That's what Ian Cheney and Curt Ellis, former college friends and co-producers of the documentary "King Corn," discovered when they spent a year tracing what happened to the corn they planted on their own green acre in Iowa after it was harvested.
Director Aaron Woolf documented Cheney and Ellis' journey into the dark heart of modern farming.
Corn - overwhelmingly genetically modified - is in just about every processed item, from hamburgers to aspirin, from soft drinks to baby formula.
U.S. consumers take in so much of the grain they are literally full of it, according to the film, which will be shown at 6:30 p.m. Tuesday at the Oakland Museum of California.
Admission is free for the screening and for the panel discussion with small-farm advocates and environmental experts that will follow. Corn, according to the documentary, is why our kids are fat and our food is cheap and our life expectancy getting shorter for the first time in American history.
But the problem, the film says, isn't with corn itself, although much of what is grown, including the Cheney and Ellis seed, is so inedible it must be "processed into food" first.
"We're growing crap - the poorest quality crap the world has ever seen," Iowa farmer Don Clikeman says in the film.
The problem is what to do with the massive amounts of excess corn produced
because of a government-designed and subsidized system.
The answer, according to the film: Put it in everything from vegetable oil, vegetable broth, cereal, cold cuts, ice cream, ketchup, toothpaste, disposable diapers and vitamins.
Use of high fructose corn syrup has increased 1,000 percent since 1973, when U.S. agriculture policy switched from keeping prices steady by limiting surpluses to intentional hyper over-production, the film says.
Cheap corn also is food for livestock - wreaking havoc on the cows and the cattle industry - and food for automobiles, in the form of ethanol. Grain-eating cattle are bad for beef eaters because the diet makes for unhealthy cows and meat high in saturated fat.
It's "fat disguised as meat," Loren Covdain, a Colorado State University researcher, says in the film.
It seems that corn is used for nearly anything but corn on the cob.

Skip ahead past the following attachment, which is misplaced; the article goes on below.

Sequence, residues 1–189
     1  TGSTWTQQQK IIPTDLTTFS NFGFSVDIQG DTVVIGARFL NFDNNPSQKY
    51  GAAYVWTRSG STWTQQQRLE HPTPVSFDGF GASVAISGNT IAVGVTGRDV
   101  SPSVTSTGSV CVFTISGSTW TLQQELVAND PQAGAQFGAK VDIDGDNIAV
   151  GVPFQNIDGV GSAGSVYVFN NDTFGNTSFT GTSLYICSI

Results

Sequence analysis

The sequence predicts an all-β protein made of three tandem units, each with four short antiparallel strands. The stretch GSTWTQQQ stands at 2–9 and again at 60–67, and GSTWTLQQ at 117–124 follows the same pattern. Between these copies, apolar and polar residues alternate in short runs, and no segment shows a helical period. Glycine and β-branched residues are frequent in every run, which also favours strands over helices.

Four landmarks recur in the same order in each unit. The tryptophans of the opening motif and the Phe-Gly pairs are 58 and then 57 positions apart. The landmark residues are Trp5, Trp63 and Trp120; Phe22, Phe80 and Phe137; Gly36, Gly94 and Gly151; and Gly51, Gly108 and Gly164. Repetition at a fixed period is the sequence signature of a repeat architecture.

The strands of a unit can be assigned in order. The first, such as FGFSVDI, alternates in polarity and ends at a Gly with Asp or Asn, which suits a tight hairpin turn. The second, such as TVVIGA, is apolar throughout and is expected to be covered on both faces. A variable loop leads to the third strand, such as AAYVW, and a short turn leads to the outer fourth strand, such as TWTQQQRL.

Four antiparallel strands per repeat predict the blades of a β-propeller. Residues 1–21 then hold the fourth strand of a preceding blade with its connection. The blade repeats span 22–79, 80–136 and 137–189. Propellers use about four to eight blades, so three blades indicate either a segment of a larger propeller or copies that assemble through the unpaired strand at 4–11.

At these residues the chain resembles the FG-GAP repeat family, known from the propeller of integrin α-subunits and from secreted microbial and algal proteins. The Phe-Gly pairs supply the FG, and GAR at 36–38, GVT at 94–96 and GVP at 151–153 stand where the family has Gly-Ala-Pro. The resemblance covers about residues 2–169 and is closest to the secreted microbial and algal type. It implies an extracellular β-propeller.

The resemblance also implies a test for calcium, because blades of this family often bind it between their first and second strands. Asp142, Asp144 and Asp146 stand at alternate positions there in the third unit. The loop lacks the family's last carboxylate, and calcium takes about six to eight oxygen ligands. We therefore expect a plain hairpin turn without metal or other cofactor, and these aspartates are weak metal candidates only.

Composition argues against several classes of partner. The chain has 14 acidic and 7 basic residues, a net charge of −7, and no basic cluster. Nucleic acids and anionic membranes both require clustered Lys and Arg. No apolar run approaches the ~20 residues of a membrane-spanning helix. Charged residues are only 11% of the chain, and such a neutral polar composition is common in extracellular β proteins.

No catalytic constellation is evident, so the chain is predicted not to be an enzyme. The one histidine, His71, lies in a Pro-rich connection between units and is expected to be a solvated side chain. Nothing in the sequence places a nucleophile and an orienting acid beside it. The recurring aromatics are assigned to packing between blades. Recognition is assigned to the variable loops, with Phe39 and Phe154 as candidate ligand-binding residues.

What a quaint idea - about as quaint as the nostalgic notion of family farmers tilling their patch of earth. Just 1 percent of the U.S. population is farm folk compared with 39 percent a century ago, according to figures the filmmakers cited from the U.S. Department of Agriculture.
Corn fueled the Aztec Empire, the Mayans ("the corn people") and the Inca. But modern farmers are like chemists and modern farms have been super-sized - growing just one or two genetically modified crops that would lose money without government subsidies, the filmmakers say.
Since the 1900s, the average farm size grew from 146 to 441 acres, while the number of farms shrunk from 5.7 million to just 2.1 million, according to the film. Meanwhile, the number of commodities produced on farms went from five to just one.
In 2007, 92.9 million acres of farmland were devoted to growing corn, the film says, and just 2 million was planted with vegetables.
Corn pays, partly because taxpayers have provided more than $50 billion in subsidies to corn farmers over the past decade, according to USDA figures.
And it's likely to continue with the mandate to produce more corn-derived ethanol, which has boosted food prices, experts say.
Still, Americans will spend less of their incomes on food than will people of any other nation, the film says.
So, what happened to the duo's corn? You'll have to see the film to find out.
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